Giants fill left field gap, sign Michael Morse

Brad Penner-USA TODAY Sports

The Giants completed their starting outfield for 2014 by signing Michael Morse to play left field. But can they count on his defense?

The Giants entered free agency locked in at right field and center field with Hunter Pence and Angel Pagan, respectively. In left field, their options left much to be desired, with Gregor Blanco as the only in house option. But on Thursday, the Giants signed Michael Morse to a one year deal with a base salary of $5M.

It's not a secret that the Giants want more of an offensive threat and signing Morse would help bolster the lineup in that way. But, as AT&T Park is the most pitcher-friendly park with a park factor of 74, there's only so much an offensive-leaning player can do. Although, in five games lifetime at AT&T Park, Morse hit .316/.435/.632 with a BABIP of .385 and one home run. That's an extremely small sample size, of course, so there's not much that should be banked on with this information.

In 88 games during 2013, Morse hit .215/.270/.381 with both the Seattle Mariners and the Baltimore Orioles. A .286 wOBA and a 78 wRC+ leave something to be desired if the Giants hope that he's going to help fuel the offense, but a .167 ISO does offer some hope for them.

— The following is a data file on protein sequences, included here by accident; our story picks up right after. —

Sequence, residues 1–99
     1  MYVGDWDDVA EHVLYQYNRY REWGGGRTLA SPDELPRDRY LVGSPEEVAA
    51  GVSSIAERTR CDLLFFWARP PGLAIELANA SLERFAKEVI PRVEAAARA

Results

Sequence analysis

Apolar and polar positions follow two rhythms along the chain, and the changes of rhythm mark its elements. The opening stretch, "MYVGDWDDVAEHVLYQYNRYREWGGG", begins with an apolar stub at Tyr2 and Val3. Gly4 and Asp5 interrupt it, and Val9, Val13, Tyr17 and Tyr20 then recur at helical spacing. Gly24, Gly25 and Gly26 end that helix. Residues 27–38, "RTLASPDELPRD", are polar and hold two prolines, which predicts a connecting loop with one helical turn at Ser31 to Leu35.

Defense, however, is key for the Giants at AT&T Park. With Triples Alley in right field and a deep outfield, being able to field there helps them win more games than a power hitting lineup can. We measure value in a context neutral way, but outfield defense matters more to the Giants than it does to most teams.

Morse has a career -15.5 UZR in left field in 1113.2 innings, with -0.1 last season. Career fielding numbers also include a RngR of -15.3 and a ErrR of 1.2. When you pit that against last year's starting left fielder, Gregor Blanco, Morse doesn't look that great. Blanco has a career UZR of 6.5 in left field, with an RngR of 5.7 and a ErrR of 0.2. While Morse may have the advantage of being able to hit more dingers, the Giants will almost definitely have to look at finding a defensive-wizard fourth outfielder to come into the game in late innings.

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All statistics and information courtesy of FanGraphs, Baseball Reference, Park Factors.com, and Cot's Baseball Contracts.

Jen Mac Ramos is a contributor for Beyond the Box Score. You can follow her on twitter at @_jenmac.

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